1. Prigozhin possibly promised dismissal of Russia’s Defence Minister and General Staff Chief, Ukrainska Pravda reports, citing sources in the Ukrainian special services. “Sources note that in exchange for turning the convoys of Wagner Group’s forces away from Moscow, Prigozhin could have been promised the dismissal of Defence Minister Sergei Shoigu, Chief of the Russian General Staff Valery Gerasimov and other minor Russian officials with whom the owner of the Wagner PMC is in conflict. The sources also cast doubt on whether the Wagnerites will actually move to Belarus.”
  2. US’s Blinken says Russia turmoil shows ‘cracks’ in Putin’s power, ReutersThe unprecedented challengeto Russian President Vladimir Putin by Wagner fighters has exposed fresh “cracks” in the strength of his leadership that may take weeks or months to play out, US Secretary of State Antony Blinken said on Sunday. […] The turmoil in Russia has weakened Putin in ways that could aid Ukraine’s counteroffensive against Russian forces within its territory while benefiting Russia’s neighbors, including Poland and the Baltic states. I don’t think we’ve seen the final act, Blinken said on ABC’s “This Week” program after an aborted mutiny by forces led by Yevgeny Prigozhin. Blinken said tensions that sparked the action had been growing for months and added that the threat of internal turmoil could affect Moscow’s military capabilities in Ukraine.”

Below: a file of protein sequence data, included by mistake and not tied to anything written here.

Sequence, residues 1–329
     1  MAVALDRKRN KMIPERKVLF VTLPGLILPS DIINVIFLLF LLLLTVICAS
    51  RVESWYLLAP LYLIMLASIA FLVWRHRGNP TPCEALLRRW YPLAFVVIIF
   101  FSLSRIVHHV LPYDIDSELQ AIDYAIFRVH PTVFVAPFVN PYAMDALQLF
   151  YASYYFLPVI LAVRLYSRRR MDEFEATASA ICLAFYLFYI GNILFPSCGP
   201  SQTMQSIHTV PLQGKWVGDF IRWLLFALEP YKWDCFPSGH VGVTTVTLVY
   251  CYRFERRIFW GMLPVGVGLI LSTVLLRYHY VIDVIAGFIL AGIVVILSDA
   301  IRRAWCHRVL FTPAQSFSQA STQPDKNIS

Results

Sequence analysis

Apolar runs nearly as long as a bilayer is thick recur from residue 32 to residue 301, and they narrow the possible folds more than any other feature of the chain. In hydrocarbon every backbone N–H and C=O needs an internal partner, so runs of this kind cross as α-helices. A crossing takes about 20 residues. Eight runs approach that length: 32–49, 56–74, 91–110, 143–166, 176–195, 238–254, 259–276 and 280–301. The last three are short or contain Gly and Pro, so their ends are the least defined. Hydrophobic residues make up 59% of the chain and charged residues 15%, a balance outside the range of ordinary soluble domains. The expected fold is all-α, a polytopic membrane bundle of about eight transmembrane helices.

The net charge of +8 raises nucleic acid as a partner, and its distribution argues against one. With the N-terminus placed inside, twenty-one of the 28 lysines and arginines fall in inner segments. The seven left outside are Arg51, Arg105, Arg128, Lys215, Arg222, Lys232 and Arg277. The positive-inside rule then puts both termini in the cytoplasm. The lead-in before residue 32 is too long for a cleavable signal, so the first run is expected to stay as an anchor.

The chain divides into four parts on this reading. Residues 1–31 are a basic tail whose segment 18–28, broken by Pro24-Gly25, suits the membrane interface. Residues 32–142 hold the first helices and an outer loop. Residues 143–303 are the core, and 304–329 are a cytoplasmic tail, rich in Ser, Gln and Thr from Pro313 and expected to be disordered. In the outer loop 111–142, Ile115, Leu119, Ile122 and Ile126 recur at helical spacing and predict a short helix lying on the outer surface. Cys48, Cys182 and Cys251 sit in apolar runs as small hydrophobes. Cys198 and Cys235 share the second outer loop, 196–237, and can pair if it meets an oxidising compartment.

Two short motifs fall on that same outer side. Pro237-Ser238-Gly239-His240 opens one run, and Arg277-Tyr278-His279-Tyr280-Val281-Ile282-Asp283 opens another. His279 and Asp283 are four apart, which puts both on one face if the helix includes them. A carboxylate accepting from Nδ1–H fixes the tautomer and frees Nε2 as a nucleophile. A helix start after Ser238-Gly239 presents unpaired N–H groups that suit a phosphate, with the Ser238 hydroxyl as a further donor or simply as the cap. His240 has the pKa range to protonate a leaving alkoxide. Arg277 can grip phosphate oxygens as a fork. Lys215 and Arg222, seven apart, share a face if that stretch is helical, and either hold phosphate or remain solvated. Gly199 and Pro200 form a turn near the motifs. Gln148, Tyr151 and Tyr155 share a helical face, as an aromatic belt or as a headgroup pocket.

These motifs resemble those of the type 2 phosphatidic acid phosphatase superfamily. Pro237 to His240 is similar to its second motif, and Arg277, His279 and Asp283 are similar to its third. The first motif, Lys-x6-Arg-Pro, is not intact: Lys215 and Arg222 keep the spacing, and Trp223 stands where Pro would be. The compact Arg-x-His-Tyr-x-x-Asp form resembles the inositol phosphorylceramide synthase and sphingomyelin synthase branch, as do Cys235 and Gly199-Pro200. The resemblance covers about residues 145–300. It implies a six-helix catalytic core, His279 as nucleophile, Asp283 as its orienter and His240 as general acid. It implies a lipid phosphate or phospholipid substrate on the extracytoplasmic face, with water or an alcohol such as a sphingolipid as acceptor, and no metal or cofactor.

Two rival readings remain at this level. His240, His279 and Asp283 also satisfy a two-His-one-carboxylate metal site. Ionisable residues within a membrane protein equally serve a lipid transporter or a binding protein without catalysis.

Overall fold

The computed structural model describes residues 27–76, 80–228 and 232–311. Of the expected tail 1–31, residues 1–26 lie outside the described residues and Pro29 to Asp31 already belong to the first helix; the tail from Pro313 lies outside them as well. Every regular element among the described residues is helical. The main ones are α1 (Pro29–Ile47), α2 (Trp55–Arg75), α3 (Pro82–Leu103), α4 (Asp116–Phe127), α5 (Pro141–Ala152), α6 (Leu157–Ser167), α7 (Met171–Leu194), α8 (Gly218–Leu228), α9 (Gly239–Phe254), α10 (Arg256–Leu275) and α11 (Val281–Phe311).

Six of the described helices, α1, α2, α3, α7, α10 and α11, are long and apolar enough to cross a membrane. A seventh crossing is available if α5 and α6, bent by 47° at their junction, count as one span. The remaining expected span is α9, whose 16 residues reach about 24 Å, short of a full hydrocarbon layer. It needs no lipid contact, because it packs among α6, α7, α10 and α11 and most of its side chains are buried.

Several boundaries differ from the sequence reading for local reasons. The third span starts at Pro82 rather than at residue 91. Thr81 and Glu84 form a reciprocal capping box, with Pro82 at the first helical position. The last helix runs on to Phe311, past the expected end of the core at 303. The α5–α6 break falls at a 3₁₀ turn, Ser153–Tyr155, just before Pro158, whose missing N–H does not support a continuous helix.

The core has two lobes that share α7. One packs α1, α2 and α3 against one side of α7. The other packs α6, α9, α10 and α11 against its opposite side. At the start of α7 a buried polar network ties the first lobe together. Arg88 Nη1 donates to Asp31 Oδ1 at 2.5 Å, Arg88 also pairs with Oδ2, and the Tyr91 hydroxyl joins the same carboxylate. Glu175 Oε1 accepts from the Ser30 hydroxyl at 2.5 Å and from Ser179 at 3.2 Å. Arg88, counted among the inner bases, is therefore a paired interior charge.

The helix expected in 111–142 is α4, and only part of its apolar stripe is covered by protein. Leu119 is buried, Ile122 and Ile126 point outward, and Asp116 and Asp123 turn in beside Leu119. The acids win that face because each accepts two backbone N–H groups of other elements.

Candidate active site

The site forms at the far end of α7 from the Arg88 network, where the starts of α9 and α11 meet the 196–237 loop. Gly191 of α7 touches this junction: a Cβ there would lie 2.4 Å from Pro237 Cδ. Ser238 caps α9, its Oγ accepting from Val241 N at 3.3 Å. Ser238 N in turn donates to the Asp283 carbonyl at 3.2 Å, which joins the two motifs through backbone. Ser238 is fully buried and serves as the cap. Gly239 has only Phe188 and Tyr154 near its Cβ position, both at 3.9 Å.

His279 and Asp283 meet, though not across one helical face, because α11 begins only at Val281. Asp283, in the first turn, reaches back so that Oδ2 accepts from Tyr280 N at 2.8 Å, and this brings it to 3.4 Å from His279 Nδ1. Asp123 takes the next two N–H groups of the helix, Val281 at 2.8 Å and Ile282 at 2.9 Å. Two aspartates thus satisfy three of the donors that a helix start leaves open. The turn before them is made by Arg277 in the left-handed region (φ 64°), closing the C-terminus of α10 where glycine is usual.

3. US intelligence knew that Prigozhin was planning coup in Russia, Ukrainska Pravda reports, citing CNN. “US intelligence believes that Yevgeny Prigozhin, the head of the Wagner Private Military Company (PMC), had been planning to challenge the Russian military leadership for quite some time. According to those briefed, the ultimate aim of Prigozhin’s plans was unclear. Earlier this week, US intelligence officials briefed congressional leaders known as the Gang of Eight on Wagner’s movements and equipment build-up near Russia, two of the sources said. US and Western intelligence officials saw signs that Prigozhin was preparing for such a move, including by amassing weapons and ammunition. In addition, according to one CNN source, they believe that Prigozhin’s claims of a lack of ammunition for operations in Ukraine were deliberate deception to help lay the foundation for a potential military challenge to the Russian leadership.”
  4. Russia mercenary threat revives concern over nuclear arsenal security, ReutersThe Wagner mercenary group’s march on Moscow has revived an old fear in Washington: what happens to Russia’s nuclear stockpile in the event of domestic upheaval. […] Images of tanks on Russian streets brought to mind the failed 1991 coup by communist hardliners that raised concerns about the security of the Soviet nuclear arsenal and the possibility of a rogue commander stealing a warhead, said former US intelligence officials. […] The scenario worrying planners now may be the possibility of a rogue military faction gaining decision-making ability over some of the weapons should divisions over the war in Ukraine exposed by Prigozhin’s mutiny erupt anew. The United States and its allies would be left to wonder how any new authority would use the weapons, said Hoffman. It’s the ability to extort the West for whatever you want. And they might not play by the same sort of rules that Putin has, he said, noting how the Russian leader has not acted on nuclear threats he has made in response to the West’s support for Ukraine’s fight against Russian occupation forces.”